One area where experimental processing is especially promising is where the growing conditions are less ideal for high-quality coffees. In lower altitude areas, or with varieties that are less known for their quality, knowledge of experimental processing can help producers enhance the quality of their coffees so they can score higher and garner price premiums for quality. “Traditionally, it can be difficult or even impossible to achieve a higher cup score under those conditions when using a traditional, washed process. Extended fermentation and other processing methods can help to accentuate fruity or unusual flavors and allow them to enter the specialty market,” Daniel says.
Better Coffee for Everyone
While international roasters can also access some of these experimental lots, something to keep in mind with these experimental methods is that they cost a lot more. “It costs the producer more money to produce these,” Erwin says. “They’re more labor intensive and sometimes require special equipment like steel tanks or specially-produced yeasts.” With these higher costs, these lots generally require a commitment from the roaster before they actually begin producing the lot.
“Most of these lots are processed to order based on an approved type sample,” Daniel explains. “As a roasting partner, it’s important to commit to buying the lot, even if there are some differences in the exact flavor notes compared to the type sample.” If not, producers are left with an expensive coffee that they cannot easily sell elsewhere and that can be extremely costly and difficult for them. “Many of these producers are self-funded individuals. A single defaulted contract could put them out of business,” Daniel says.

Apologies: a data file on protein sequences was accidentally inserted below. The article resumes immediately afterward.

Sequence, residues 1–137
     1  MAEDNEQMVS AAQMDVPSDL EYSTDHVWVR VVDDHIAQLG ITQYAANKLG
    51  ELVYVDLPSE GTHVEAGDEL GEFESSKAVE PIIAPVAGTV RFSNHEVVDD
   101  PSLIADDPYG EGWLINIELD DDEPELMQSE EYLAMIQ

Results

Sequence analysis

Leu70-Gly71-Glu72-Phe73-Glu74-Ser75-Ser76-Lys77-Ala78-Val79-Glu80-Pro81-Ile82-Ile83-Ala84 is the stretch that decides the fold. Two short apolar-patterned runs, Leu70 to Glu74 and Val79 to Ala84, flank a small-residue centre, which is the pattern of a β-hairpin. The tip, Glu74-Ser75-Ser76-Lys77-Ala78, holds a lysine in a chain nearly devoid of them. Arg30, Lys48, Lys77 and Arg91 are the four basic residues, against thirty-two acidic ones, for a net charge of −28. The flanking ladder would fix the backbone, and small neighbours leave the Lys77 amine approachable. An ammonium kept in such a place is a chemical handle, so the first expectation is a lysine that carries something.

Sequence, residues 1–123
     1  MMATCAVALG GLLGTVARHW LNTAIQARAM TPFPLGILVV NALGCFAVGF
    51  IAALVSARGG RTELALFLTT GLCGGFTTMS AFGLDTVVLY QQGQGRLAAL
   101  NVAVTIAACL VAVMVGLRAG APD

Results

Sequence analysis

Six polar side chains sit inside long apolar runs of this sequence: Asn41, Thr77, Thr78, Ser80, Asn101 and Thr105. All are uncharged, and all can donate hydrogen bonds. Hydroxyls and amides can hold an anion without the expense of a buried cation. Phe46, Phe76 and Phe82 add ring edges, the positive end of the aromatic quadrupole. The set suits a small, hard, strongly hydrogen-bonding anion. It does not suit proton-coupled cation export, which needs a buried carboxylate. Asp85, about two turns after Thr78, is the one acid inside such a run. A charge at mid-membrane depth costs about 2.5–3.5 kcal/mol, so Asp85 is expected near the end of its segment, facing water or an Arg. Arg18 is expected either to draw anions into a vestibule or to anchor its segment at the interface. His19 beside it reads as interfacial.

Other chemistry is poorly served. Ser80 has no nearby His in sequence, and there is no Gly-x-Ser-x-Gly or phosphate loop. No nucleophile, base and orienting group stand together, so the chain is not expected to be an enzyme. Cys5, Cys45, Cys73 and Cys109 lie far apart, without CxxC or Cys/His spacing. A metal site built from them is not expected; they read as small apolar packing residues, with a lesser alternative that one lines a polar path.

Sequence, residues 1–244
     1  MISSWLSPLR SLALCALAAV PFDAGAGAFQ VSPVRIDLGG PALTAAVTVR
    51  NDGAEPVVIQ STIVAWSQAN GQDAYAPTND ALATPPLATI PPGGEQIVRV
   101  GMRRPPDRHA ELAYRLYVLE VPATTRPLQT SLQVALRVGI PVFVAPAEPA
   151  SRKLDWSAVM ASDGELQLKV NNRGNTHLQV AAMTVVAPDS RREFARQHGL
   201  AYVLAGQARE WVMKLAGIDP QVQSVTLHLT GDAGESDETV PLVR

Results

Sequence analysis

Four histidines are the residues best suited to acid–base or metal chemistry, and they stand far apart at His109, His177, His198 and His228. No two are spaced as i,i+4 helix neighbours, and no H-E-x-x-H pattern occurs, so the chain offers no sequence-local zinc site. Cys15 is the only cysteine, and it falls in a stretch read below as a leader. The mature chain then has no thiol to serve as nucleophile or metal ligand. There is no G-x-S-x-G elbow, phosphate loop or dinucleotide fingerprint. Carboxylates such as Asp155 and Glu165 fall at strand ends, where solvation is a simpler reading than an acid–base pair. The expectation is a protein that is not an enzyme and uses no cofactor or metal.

Looking to the Future
As the trend continues, Daniel hopes to see producers working with a more systematic rigor. “Much of the experimentation we see is being done without control batches or proper blind analysis. This makes it difficult to isolate variables, achieve consistency, or improve in an intentional direction” he says.
Another area where he’d like to see more evaluation is with broader and more controlled cupping. Part of the challenge is that many producers don’t have extensive cupping experience, but he’d like for producers and consumers as an industry to begin evaluating more of Indonesia’s experimentally processed coffees in blind cuppings. “It’ll give us a better idea of the sensory qualities of these coffees when you remove the processing method story and marketing connected to these lots,” Daniel says. Daniel is hopeful that this will come with time as the industry continues evolving and maturing.
Experimentally processed coffee is really hot right now, but will this fervor end? Daniel doesn’t think so, at least not anytime soon. “There are so many different variables producers can play with to create new methods for processing coffees and creating new flavors,” he says. And Indonesia’s vibrant café scene and coffee culture could very likely help sustain these innovations into the future.
As experimental processing for the Indonesian market continues, we expect that the expansion of a specialty mindset will also continue, meaning better Indonesian coffee for everyone. This includes more producers experimenting with both traditional and experimental processing methods and will expand the range of specialty coffee available in Indonesia. Keep an eye out for new processing methods from Indonesia, like our FW, Anaerobic FW, Natural, Anaerobic Natural, Honey and Wet Hulled Honey lots from Barokah cooperative and many more.